Who's the youngest player in your little family group?
My niece is 12 ( soon 13). She recently convinced her father to buy the game after trying it when visiting her grandma, my mother.
Who's the oldest?
My mother is 57.
Do you have your own family guild, or do you belong to another guild?
Me and my wife joined a newly founded guild the first month of playing and have stuck with them since. The Night Council has grown from a social group of casual players to a very tight, still kinda casual, raiding guild. When my mother started playing, she tried on a few guilds, and after a while she came to join TNC as well. My brother-in-law also just joined the guild after dinging 58. We all kind of felt that it's better to try your wings by yourself instead of having someone watching over your shoulder while you learn, and then when you got the grasp of things, we start playing more tightly together. The Night Council is very tight and friendly. Last time I counted, we had four couples, three of us married, in the guild.
Is everyone in the same general level range, or do you play as mixed levels?
TomWolf and Seriny are both level 70 since quite a while back, and my mother is dinging 70 soon (we hope) with Mossan. The rest are going through the motions with leveling. Me and my brother planned on doing the "invite a friend" thing, but unfortunately, he had two trial accounts and used the wrong one when he bought the game. Blizzard's response was more or less "tough."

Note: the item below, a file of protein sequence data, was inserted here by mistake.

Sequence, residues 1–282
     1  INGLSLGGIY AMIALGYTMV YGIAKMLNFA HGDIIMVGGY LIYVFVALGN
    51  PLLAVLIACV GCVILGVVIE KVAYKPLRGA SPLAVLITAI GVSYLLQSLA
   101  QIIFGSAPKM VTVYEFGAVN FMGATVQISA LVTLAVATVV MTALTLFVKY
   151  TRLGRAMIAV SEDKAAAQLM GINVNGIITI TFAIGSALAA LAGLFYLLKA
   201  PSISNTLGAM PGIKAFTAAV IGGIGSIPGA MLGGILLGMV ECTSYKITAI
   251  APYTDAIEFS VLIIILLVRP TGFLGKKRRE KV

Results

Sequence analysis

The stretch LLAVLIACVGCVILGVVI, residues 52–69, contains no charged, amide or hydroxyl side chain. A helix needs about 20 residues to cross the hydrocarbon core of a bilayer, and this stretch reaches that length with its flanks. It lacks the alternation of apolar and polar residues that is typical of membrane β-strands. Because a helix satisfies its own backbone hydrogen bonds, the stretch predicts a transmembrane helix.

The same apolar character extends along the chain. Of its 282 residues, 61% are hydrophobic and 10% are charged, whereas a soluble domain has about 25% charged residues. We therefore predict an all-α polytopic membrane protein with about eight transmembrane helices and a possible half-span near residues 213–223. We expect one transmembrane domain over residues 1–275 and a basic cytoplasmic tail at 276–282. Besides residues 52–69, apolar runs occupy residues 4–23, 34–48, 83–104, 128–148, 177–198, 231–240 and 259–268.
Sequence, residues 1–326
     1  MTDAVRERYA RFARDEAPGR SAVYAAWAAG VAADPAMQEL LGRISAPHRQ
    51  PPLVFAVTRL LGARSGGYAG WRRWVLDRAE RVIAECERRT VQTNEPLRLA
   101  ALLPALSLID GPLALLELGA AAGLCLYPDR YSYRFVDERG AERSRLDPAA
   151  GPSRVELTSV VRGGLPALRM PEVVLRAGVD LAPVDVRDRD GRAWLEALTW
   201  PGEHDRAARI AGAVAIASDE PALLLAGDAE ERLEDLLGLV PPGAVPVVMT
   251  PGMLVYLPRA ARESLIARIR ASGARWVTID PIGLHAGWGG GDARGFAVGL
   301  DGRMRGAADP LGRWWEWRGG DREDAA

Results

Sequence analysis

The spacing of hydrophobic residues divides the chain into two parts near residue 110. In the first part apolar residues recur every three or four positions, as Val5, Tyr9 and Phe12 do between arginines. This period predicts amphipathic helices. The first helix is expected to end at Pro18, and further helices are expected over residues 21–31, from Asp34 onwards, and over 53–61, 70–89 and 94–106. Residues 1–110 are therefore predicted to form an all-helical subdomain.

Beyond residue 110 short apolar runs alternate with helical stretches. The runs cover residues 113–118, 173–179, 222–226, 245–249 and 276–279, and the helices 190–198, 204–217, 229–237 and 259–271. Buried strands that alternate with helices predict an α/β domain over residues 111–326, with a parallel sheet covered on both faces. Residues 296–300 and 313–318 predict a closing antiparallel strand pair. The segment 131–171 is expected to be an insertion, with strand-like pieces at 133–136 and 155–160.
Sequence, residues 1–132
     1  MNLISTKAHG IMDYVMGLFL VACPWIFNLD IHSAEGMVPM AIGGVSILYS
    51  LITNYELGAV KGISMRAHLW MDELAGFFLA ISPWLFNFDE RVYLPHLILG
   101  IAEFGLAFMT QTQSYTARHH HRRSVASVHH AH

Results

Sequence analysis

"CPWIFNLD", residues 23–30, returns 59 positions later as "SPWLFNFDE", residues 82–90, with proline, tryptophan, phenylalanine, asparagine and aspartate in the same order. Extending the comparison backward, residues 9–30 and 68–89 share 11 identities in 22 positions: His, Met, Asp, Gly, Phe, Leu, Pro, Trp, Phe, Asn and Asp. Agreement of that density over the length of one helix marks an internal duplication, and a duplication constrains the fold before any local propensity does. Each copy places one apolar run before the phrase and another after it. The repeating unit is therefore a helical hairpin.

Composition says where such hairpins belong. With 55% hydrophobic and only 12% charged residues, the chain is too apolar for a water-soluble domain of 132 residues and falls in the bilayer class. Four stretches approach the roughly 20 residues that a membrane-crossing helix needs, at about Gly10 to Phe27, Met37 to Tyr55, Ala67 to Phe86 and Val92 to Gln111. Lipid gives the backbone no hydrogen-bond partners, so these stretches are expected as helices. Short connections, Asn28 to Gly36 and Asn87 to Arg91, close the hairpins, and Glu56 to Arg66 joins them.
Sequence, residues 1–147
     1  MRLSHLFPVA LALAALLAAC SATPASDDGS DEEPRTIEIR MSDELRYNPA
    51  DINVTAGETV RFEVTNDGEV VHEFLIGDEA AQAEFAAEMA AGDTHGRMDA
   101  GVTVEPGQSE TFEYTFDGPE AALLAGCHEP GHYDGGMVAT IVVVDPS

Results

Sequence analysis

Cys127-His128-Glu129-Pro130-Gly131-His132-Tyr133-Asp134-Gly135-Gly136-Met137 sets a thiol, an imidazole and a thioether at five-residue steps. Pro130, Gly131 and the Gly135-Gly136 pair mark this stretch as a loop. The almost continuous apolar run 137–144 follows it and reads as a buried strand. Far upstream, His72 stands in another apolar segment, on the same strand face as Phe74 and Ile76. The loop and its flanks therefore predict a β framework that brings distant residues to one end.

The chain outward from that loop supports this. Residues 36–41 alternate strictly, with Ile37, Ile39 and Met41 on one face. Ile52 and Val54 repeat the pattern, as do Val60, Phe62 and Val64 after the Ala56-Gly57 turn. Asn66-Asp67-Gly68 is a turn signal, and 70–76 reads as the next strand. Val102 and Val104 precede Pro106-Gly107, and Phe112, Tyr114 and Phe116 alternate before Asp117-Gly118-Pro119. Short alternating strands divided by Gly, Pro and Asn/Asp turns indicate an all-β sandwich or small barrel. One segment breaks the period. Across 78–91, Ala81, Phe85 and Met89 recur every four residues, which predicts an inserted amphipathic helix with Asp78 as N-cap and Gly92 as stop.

Do you use voice communication on a regular basis?
The guild rents a Ventrilo server, but mostly when I play with family we use Skype or stick with in-game chatting (mixed up with a phone call or five).
Have you run into any "generation gap" issues getting your mother started playing?
Back when eight-bit Nintendo was the hot thing, my mother sent us to bed so she could hog Zelda or Tetris for herself. She currently owns a Wii, but as far as I know, she hasn't used her Wii Fit as much as it is worth using (smart little gadget, that one). When it comes to computer games, she is kind of fresh coming to WoW, not counting The Sims and a bunch of arcade games like Jewel Quest and Zuma Deluxe.
So yes, there have been a lot of long phone calls with explanations on how to install addons, change settings, find information or play the Auction House -- but I wouldn't call that a generation gap since I have had to do the same with my brother. To be honest, I think these talks are one of the reasons why we choose to play together.